Around this time he was producing tons of music, and finally made a tape called “Hi, How Are You?,” and simply started handing it out to everyone. He ended up giving it to the editor of an Austin paper, who put it in while he’s working and is blown away. Daniel starts shooting to fame, gets on MTV, and ends up winning the Austin Music Awards for best folk artist and best singer / songwriter, which was fairly controversial because, as one guy says “Austin has many singer / songwriters who can actually play a guitar.” By the way, during this time, the only way for the people at MTV and others to reach Daniel was to call him at his job at McDonalds.
Daniel starts getting unmanageable, and at a certain point bashes his manager over the head with a lead pipe! His friends have him hospitalized, which causes one to have a fair bit of soul-searching about the famous “insane” artists of history and how they despised the small-minded folks who wouldn’t understand them and throw them in an institution—and yet here they are, throwing their crazy brilliant artist friend in the looney bin.
His music is heard by the band Sonic Youth and Daniel is invited to NYC… eventually the members of the band are hunting all over New York and New Jersey trying to find him. Back home, he barges into a woman’s house and terrorizes her to the point that she jumps out a second-story window. Daniel says “I didn’t see that, the demons did that.” He is now talking non-stop about the devil and is obsessed with Mountain Dew. He plays South by Southwest, where he is a sensation, then his father comes to pick him up. They fly home in his father’s small plane—and Daniel seizes the controls and takes it into a downward spin, laughing all the while. They live.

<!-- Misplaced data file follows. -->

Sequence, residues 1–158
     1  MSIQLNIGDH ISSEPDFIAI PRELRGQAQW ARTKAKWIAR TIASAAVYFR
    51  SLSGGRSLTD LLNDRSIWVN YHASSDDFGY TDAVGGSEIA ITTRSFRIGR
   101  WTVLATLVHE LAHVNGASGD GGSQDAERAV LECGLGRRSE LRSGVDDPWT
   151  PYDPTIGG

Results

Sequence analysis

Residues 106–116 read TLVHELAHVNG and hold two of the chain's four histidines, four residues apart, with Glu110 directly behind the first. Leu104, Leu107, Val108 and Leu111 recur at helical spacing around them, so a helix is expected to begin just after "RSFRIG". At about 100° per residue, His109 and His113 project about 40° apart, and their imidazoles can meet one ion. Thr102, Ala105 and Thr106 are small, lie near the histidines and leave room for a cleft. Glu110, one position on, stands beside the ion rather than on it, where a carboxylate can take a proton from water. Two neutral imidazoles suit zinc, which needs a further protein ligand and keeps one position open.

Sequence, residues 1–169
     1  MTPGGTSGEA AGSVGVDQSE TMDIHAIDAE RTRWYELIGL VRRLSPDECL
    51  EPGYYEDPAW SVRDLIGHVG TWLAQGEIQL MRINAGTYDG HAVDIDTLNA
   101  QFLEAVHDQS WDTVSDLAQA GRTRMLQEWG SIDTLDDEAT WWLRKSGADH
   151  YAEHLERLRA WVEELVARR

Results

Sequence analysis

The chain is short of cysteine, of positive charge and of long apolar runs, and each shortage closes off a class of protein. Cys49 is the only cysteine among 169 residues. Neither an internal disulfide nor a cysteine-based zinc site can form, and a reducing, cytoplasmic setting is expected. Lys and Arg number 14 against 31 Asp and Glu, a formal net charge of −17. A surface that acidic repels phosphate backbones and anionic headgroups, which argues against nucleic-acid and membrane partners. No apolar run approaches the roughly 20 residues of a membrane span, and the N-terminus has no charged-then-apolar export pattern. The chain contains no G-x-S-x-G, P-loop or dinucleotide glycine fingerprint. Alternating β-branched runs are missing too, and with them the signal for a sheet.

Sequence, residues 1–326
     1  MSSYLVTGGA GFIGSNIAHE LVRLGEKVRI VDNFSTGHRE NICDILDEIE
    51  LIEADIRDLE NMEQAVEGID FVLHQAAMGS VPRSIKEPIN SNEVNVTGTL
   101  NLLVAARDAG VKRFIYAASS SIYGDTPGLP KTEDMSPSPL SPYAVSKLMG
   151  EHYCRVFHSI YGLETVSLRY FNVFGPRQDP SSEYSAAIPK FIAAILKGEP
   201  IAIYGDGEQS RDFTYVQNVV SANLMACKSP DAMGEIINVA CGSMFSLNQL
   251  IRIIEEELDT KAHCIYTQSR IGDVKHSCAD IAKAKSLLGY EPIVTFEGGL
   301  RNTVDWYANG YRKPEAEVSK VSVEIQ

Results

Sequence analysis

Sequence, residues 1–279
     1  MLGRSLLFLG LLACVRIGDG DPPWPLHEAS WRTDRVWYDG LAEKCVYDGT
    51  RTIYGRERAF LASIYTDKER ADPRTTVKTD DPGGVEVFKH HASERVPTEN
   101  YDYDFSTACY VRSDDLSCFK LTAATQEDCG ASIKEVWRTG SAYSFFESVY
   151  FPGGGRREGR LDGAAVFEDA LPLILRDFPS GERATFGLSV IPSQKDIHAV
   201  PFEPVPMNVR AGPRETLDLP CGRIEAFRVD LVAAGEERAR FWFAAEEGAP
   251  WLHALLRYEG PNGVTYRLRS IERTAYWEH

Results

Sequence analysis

There’s more, but you get the idea. The movie is very good, if only for being such a bizarre story—and as you can imagine from what you’ve read here, just when you think it can’t get any weirder… and the presence of so many tapes and videos and drawing make for an excellent documentary. The filmmakers also fill out the spaces that they don’t have footage for in very intelligent ways, for example, showing what the characters would be seeing as they do whatever they are verbally describing, like riding a bus or driving around New York.
The movie also brings up a ton of interesting issues. Daniel’s songs, at least as heard in the movie, are not all that easy to listen to, so when I hear that the audience at South by Southwest went crazy for him, I have to wonder how many of them were mocking or encouraging him just to act goofier. There are all the interesting facets of his relationships with his parents and siblings, and also the reactions of his friends, who feel that they have a true artistic genius in their midst, and they way they work tirelessly to promote and preserve his art, but also the questions that his difficult behavior raises for them. One can also easily see how his music paved the way for lots of neo-folk artists now popular, such as The Moldy Peaches, who did many of the well-recived songs in Juno.
So there ya go, a fascinating, well-done and thought-provoking night at the documentaries.
Yes, it’s a fascinating documentary that brings up a ton of interesting issues.